Waad, Armagil (DNB00)
WAAD or WADE, ARMAGIL (d. 1568), ‘the English Columbus,’ is stated in the inscription of his tombstone, composed by his son, Sir William, to have sprung from an ancient Yorkshire family; but as he was himself granted a coat-of-arms by Sir Gilbert Dethick, it is improbable that his father was entitled to bear them. He is said to have been born at Kilnsey, near Coniston, and his mother’s maiden name is given as Comyn. On the dissolution of the monasteries Kilnsey was granted to Sir Richard Gresham, to whom Armagil may have owed his introduction at court. He was educated at Magdalen College, Oxford, whence he graduated B.A. on 23 Jan. 1531-2 (Oxford Univ. Reg. i. 167; Fasti, p. 86). He is then said to have entered some inn, possibly the Middle Temple, as his name does occur in the registers of the other three principal inns of court. In 1536 he joined as an adventurer in Hore’s voyage to North America; he sailed with Oliver Daubeney, ‘Mr. Joy, afterwards gentleman of the king’s chapel,’ and others in the Minion from Gravesend, towards the end of April. After about two months’ sailing they reached Cape Breton; they also visited Newfoundland and Penguin Island. They steered a northerly course home, fell in with icebergs, though it was the middle of summer, and reached St. Ives in Cornwall about the end of October. Waad is said to have written an account of this voyage, which was afterwards printed. No such work has been traced, and it is not in Hakluyt, which, however, contains an account of the voyage furnished by one of Waad’s companions, Thomas Butts, son of Sir William Butts [q. v.] (Hakluyt, iii. 129-31; cf. Brown, Genesis U.S.A. i. 2; Harrisse, John Cabot and his Son, 1896, pp. 123, 340). Sir William Waad’s description of his father as the first English explorer of America, subsequently paraphrased into ‘the English Columbus’ rests on this voyage. It has little justification. Waad has no more title to the name than his companions on the Minion, and infinitely less than the sixteen Englishmen who accompanied Sebastian Cabot, not to mention the possibility that were English sailors among Columbus’s crews.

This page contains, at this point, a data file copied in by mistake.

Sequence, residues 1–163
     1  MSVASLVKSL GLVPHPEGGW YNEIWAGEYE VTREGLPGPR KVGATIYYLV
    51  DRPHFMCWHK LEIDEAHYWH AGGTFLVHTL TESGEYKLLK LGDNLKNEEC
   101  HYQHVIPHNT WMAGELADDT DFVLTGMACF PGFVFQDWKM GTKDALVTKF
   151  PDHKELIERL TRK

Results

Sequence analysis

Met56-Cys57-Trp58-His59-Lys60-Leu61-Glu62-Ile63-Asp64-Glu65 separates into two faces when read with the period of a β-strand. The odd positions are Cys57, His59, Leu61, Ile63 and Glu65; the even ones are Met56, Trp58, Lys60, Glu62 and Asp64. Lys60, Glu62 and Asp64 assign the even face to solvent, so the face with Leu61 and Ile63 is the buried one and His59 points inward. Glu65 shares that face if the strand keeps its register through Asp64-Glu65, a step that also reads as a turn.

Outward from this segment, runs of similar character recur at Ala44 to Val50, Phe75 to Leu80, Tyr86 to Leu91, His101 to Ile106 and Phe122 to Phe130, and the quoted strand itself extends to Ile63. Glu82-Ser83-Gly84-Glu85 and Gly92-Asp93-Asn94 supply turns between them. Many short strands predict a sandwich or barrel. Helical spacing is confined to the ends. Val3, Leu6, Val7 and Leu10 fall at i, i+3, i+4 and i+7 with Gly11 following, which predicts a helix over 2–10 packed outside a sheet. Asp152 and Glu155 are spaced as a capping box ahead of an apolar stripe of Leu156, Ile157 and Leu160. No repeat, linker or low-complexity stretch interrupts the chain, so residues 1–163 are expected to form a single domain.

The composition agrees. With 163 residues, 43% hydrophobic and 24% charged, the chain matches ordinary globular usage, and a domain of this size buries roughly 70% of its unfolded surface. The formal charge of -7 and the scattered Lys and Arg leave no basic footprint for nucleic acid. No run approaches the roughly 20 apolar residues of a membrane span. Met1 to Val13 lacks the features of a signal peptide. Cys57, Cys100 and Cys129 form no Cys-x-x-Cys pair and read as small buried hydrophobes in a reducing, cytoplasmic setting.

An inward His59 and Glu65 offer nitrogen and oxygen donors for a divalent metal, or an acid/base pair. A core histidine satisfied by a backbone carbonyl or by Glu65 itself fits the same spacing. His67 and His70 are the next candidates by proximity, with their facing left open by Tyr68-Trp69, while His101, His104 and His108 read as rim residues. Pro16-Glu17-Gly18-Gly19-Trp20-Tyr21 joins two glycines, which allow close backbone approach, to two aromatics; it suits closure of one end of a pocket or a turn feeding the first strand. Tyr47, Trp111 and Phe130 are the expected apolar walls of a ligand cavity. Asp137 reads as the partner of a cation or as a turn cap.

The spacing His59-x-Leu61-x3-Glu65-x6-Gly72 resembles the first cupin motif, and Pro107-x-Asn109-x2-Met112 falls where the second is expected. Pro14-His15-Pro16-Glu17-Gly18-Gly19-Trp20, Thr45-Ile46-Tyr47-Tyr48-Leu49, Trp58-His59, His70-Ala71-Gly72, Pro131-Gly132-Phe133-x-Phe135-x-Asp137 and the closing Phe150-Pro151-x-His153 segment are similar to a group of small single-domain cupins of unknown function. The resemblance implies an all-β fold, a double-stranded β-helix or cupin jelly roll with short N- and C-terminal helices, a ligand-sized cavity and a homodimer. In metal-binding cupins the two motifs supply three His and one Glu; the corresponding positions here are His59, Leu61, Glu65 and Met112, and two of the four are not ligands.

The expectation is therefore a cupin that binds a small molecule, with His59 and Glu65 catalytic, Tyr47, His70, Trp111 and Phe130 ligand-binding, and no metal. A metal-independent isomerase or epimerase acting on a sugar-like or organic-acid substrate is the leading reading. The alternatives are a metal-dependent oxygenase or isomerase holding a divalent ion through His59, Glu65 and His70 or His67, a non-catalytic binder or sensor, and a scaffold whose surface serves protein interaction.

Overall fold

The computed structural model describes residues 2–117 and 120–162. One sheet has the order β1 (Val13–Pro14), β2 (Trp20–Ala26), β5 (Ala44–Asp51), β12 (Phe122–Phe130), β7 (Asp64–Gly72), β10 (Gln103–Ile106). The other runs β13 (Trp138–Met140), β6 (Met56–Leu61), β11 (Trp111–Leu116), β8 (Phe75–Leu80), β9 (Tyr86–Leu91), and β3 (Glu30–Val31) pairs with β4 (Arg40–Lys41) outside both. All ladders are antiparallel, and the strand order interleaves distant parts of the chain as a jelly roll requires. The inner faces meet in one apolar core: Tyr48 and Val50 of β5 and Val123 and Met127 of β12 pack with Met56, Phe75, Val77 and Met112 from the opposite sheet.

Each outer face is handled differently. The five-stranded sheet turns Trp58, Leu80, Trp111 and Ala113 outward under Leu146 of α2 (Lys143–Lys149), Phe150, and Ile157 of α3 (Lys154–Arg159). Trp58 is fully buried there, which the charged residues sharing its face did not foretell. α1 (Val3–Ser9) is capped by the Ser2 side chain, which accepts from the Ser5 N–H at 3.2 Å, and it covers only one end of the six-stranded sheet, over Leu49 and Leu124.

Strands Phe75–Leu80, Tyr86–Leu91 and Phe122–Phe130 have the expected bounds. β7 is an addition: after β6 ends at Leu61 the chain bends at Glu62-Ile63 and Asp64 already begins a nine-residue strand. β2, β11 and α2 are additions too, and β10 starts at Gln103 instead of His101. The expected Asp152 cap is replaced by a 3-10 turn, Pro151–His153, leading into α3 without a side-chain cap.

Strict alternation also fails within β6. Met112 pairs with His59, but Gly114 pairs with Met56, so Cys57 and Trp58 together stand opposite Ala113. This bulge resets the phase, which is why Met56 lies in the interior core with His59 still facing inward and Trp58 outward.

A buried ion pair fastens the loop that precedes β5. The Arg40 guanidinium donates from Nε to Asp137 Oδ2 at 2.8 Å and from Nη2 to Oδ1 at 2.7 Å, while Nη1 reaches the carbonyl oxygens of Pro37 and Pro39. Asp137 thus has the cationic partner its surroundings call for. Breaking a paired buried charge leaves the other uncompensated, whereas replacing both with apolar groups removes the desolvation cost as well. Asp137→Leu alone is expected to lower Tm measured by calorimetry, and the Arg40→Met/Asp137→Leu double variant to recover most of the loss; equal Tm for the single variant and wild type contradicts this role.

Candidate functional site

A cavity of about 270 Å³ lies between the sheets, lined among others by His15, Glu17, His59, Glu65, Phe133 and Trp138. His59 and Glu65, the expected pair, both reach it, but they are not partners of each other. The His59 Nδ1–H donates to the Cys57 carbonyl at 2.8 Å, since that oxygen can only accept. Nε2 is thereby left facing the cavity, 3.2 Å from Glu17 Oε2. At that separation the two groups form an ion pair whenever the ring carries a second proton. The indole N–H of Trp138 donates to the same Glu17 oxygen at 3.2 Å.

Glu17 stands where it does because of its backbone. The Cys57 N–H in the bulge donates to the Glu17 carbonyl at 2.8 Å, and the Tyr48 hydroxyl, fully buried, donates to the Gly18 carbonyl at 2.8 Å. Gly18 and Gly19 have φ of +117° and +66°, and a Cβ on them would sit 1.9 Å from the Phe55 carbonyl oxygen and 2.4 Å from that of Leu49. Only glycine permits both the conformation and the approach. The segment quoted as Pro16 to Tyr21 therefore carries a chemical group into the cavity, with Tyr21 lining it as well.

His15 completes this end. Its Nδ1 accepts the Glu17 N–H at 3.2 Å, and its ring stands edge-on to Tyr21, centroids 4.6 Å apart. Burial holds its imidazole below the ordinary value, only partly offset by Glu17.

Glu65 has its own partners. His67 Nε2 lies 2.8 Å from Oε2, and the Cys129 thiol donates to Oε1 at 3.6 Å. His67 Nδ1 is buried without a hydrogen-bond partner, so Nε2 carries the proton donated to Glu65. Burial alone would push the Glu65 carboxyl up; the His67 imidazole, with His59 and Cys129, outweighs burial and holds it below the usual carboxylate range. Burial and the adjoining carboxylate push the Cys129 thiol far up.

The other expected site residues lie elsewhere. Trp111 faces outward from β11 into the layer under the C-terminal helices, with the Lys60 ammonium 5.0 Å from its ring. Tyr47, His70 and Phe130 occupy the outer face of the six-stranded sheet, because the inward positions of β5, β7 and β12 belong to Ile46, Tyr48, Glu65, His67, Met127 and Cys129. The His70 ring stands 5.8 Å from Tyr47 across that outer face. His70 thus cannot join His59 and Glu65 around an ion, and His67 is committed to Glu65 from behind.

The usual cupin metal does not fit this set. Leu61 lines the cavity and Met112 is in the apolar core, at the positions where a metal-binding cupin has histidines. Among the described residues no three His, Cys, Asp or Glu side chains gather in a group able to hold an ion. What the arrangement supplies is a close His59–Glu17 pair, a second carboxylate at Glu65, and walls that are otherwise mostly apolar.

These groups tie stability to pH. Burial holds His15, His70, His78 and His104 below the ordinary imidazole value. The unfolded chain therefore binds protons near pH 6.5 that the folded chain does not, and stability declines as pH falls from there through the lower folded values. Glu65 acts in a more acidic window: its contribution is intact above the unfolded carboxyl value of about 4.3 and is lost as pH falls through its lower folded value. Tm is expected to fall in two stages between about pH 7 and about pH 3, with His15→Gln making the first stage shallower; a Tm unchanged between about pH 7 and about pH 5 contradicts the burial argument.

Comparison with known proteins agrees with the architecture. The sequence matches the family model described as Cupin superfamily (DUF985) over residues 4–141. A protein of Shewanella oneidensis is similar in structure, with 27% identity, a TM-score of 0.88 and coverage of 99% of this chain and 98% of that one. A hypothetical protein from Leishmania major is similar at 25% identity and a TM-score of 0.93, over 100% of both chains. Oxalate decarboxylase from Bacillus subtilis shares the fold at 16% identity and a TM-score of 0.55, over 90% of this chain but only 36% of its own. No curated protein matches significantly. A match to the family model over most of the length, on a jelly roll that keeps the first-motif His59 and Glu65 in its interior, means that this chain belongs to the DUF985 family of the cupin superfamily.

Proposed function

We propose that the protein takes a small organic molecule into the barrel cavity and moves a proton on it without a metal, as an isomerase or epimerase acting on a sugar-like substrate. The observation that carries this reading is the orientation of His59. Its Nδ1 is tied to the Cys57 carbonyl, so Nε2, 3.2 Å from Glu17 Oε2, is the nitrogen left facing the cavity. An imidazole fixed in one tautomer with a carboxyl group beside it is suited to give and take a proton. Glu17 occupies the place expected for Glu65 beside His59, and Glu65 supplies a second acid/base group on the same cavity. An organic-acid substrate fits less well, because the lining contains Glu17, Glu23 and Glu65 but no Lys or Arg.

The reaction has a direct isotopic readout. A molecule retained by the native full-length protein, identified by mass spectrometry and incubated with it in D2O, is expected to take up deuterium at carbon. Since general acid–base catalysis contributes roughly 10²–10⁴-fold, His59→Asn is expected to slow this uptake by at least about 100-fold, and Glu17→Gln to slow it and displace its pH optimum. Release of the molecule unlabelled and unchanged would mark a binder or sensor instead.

After his return Waad seems to have entered the service of Henry VIII, probably as a messenger. In 1540, on the recommendation of Lord Maltravers, the lord deputy, Waad was promoted clerk of the council at Calais. He was promoted third clerk of the privy council in London at midsummer 1547, serving at first without a regular salary, though he was paid for special services, like arresting a Frenchman (probably Jean Ribauld) when he tried to escape to France (Acts P.C. ed. Dasent, 1547-50, pp. 113, 184). On 22 Sept. 1547 he was elected member of parliament for Chipping Wycombe, and on 17 April 1548 began to draw a regular salary of fifty marks as third clerk of the council. Four years later he had risen to be chief clerk, in which capacity he was paid 50l. a year. In July 1550 he was employed as the channel of communication with the French and Spanish ambassadors, on 20 Dec. 1551 he was ordered to make an inventory of Tunstall’s goods, in April 1552 he brought certain accusations against the Countess of Sussex and was himself instructed to examine her in the Tower, and on 31 May following he was commissioned to procure Paget’s signature to the articles against him (ib. 1550-2, pp. 82, 324, 449, 1552-4 pp.20, 65).